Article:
This semester, New York Times columnist David Brooks is teaching a course at Yale called “Humility.”
As part of the required reading: passages from the Bible, works from St. Augustine and German theologian Reinhold Niehbuhr — and columns by course professor David Brooks himself.
Brooks is teaching a course on humility using his own columns.
To be fair, Brooks has good-naturedly accepted all the jabs he has received for daring to offer a course on the subject of humility — and using his own works as part of the curriculum. He told the online World magazine site that the columns of his that he’s using for the class are not his own thoughts, but compilations of life lessons sent to him by readers.
Also, Brooks said, the course is less about “Humility and How I Achieved It” than it is about character.
He told World magazine that he felt the need for such a course because today’s college students are “hard working and nice, but they are inarticulate about character.”
In his course description (that can be found on the Yale Website), Brooks writes: “Everyone says character is important to leadership but few people know how to build it. This course will survey one character-building tradition, one that emphasizes modesty and humility.
“The strategies covered here start from a similar premise — that human beings are blessed with many talents but are also burdened by sinfulness, ignorance and weakness. Character emerges from the internal struggles against one’s own limitations.”
As part of the class requirements, Brooks spells out that cheating and plagiarism are not allowed. He adds, “If you do not understand or are uncertain about what constitutes cheating or plagiarism, please ask.”
Seriously, what college student doesn’t know what constitutes cheating?
The day after the World magazine story about the Yale humility course came out, World posted a story about a new study that suggests “most college freshmen think they’re better than their peers, and better than they really are.”
According to the annual American College Survey, psychologist Jean Twenge found that “college freshmen are more likely to be self-centered and possess unearned self-confidence than at any time in the last four decades.”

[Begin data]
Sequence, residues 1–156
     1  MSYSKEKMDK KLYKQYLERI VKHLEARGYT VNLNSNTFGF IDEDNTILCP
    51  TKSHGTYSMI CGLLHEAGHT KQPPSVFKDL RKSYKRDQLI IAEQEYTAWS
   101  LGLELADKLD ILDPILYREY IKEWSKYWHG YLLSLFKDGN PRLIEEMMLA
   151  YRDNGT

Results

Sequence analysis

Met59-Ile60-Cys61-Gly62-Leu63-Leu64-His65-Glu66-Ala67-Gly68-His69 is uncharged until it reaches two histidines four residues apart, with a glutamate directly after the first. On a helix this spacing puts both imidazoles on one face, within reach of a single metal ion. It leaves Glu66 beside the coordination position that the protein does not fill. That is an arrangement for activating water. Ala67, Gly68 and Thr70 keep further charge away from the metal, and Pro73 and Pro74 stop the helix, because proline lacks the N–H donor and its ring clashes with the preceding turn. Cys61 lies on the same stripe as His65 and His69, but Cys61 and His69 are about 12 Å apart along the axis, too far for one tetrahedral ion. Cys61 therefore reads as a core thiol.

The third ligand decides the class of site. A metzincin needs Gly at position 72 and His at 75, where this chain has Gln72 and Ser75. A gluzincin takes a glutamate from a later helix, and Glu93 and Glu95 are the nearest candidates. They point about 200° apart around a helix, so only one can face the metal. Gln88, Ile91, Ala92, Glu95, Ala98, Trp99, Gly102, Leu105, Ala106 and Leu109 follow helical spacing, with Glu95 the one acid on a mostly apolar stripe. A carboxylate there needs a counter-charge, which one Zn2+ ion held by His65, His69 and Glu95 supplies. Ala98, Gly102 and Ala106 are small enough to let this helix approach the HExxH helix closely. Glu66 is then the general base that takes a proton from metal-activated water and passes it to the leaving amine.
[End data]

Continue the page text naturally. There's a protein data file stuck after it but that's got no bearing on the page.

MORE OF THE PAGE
Twenge said it’s a result of three decades of the Self-Esteem Movement telling kids how wonderful they are in an effort to combat issues like teen pregnancy, suicide and violence. However, instead of the rate of these issues going down, it has increased.
If you doubt that, just watch an episode of the “My Super Sweet 16” reality documentaries on MTV, which document the mega-thousands spent on sweet 16 birthday parties and the excess that these teens expect and demand.
Twenge calls it a narcissism epidemic. We are raising a world full of egomaniacs, a generation of people who believe they are entitled to the best of everything because that’s what they have been told.
That’s why Yale is offering a course on humility.
But before we who are not necessarily of the current narcissistic generation start shaking our fingers in judgment, humility, or the lack of it, isn’t a new problem. It’s intrinsic to every one of us, although it manifests itself in different ways.
The person who refuses charity from others is just as “unhumble” as the person who believes the world owes him whatever he wants. “Worm theology” — taking pleasure in thinking of yourself as lowly and wretched — is just as unbiblical as thinking too highly of yourself.
They’re both rooted in pride because they’re both me-centric.
As for learning humility from a class, I’m not sure you can. For Christians, I think true humility comes when we believe ourselves to be simultaneously deeply flawed but in Christ dearly loved.
Jesus told his followers, “Blessed are the poor in spirit” (Matthew 5:3).
Blessed, happy, spiritually prosperous are those who know their true condition — and they’re true worth. Nothing more and nothing less.
Nancy Kennedy is the author of “Move Over, Victoria - I Know the Real Secret,” “Girl on a Swing,” and her latest book, “Lipstick Grace.” She can be reached at 352-564-2927, Monday through Thursday, or via email at firstname.lastname@example.org.